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    Re: What should I expect for a land based sight accuracy
    From: Gary LaPook
    Date: 2014 Jan 10, 10:51 -0800
    Don't use the fix accuracy to evaluate the accuracy of your sextant work because this introduces additional error. For instance, if you have two sights, each with a one minute error, and a cut of 90 degrees the fix will show a 1.4 NM error. If the cut is 30 degrees then the fix will plot 3 NM from your location.

    Just use your GPS coordinates as your AP and then the intercepts will accurately show the quality of your sextant work. The easiest way to use your GPS position as the AP is yo use the U.S. Naval Observatory website to do the sight reduction. Here is the link.


    Don't get lazy, however, continue to practice with other methods of sight reduction, such as HO 229, HO 249, log methods such as HO 208 and, of course, the Bygrave solution available here which has the advantage that you can work it from your GPS position as your AP:



    From: Greg Licfi <cfi@licfi.com>
    To: garylapook@pacbell.net
    Sent: Thursday, January 9, 2014 10:07 PM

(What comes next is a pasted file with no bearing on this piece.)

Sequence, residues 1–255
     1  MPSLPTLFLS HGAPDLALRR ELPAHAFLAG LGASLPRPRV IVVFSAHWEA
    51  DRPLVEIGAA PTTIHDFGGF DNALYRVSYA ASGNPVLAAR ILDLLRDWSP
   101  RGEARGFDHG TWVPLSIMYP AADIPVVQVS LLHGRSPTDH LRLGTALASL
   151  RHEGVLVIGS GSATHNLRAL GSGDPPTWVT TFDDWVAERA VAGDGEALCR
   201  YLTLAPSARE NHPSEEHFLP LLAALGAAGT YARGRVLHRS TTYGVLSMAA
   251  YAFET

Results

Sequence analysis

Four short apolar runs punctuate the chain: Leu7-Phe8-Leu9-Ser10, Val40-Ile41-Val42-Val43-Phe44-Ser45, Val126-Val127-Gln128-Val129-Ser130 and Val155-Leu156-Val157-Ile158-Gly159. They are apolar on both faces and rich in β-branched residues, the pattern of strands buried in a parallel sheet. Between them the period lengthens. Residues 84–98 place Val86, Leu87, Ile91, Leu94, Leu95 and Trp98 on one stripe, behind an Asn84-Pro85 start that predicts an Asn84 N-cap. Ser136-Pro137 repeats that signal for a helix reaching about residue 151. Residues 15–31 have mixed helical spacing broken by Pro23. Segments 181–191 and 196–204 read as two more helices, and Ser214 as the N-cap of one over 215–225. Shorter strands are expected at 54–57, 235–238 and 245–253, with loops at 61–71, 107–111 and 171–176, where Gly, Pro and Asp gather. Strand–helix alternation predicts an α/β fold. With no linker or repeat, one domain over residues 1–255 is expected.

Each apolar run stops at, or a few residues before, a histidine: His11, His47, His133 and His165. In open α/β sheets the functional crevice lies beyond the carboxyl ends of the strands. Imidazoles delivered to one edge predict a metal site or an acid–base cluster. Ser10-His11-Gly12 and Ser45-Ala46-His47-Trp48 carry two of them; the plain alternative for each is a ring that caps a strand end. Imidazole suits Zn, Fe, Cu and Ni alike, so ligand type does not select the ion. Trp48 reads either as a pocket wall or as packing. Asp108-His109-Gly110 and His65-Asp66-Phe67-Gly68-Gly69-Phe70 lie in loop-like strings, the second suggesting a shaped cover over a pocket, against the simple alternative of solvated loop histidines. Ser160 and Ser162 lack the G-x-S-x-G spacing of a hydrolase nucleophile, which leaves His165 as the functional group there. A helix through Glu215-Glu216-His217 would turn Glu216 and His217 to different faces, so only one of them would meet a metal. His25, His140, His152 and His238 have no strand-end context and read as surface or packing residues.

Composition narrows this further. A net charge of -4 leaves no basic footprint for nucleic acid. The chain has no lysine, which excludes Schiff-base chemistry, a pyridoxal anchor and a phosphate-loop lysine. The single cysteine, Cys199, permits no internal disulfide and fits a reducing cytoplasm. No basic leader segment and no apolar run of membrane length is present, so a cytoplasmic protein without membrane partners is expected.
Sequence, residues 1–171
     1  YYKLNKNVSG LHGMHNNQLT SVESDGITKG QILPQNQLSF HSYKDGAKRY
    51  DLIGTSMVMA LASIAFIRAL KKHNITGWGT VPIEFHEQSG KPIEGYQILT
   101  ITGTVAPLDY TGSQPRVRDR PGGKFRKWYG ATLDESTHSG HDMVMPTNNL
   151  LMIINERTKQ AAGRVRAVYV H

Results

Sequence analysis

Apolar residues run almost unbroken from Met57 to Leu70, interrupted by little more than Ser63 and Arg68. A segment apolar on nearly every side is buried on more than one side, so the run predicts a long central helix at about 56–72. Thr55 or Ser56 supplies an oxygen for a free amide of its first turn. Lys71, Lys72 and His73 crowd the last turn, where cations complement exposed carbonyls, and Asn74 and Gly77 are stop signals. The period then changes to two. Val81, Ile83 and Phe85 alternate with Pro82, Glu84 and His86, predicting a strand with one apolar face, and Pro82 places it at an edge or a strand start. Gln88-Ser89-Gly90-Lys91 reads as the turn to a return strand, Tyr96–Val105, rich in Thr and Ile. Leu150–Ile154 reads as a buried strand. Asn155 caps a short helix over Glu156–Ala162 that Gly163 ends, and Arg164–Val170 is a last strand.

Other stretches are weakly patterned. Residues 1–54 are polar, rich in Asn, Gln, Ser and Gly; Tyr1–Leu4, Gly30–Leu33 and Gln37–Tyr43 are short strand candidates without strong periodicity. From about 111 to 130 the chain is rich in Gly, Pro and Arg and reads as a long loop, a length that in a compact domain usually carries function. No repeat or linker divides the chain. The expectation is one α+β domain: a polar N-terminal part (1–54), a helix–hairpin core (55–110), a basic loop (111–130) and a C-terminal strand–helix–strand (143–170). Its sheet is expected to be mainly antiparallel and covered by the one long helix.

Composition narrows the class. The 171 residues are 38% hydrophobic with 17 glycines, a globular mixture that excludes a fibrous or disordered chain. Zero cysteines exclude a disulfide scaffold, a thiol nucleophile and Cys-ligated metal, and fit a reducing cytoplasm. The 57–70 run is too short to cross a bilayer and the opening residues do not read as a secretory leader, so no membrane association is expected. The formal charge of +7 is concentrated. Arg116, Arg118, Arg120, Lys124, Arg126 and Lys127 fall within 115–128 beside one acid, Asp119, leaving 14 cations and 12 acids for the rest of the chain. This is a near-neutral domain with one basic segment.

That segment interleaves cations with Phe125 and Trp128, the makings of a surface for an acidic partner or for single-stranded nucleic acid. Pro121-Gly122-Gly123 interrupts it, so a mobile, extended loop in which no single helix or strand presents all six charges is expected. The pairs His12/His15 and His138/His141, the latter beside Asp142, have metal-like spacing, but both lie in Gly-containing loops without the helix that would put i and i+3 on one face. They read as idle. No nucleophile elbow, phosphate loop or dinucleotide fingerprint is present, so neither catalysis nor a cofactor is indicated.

Subject: [NavList] Re: What should I expect for a land based sight accuracy

    Frank, Alan, Randal, Greg,
         Thanks guys too cloudy tonight for anything Lunar or otherwise - I'll try again
    when we get some clear sky's.

    On 01/09/2014 07:33 PM, Frank Reed wrote:

    Your average error here is 2 n.m. That's not bad, but there's plenty of room for improvement. A proper a.h. will help, of course. There are other observations you can try to test your sextant and your skill.
    If the sky is clear tonight, try measuring the angle between the Moon and Jupiter. That is, make Jupiter just barely touch the clear (illuminated) limb of the Moon. It's a nice land-based observation, and it shouldn't be too uncomfortable with tonight's geometry. Wait until Jupiter is at least 5° high, and preset the sextant to about 63°. Then aim the horizon view at Jupiter, and rotate the instrument until the Moon pops into view. Adjust until Jupiter just touches the bright limb of the Moon as you rock it slightly back and forth. Record the time (nearest five seconds is fine), and record the angle. Let us know what you get. Also include your position to the nearest few miles. you can do this every night that the sky is clear.
    When you're testing your sextant and your skill with it, it's important to separate out the various components that can lead to error. For example, you wouldn't want to use some paper method of clearing your sights (unless you're perfectly skilled at that task --and who is these days?) since that just introduces another source of error. Focus on observations and the instrument first. An angle that is precisely defined and exactly calculable, like the arc from Jupiter to the Moon at a known time and known location, provides a reference that we know is correct. If you measure that and get good results, then you can start adding in the other pieces of the puzzle.
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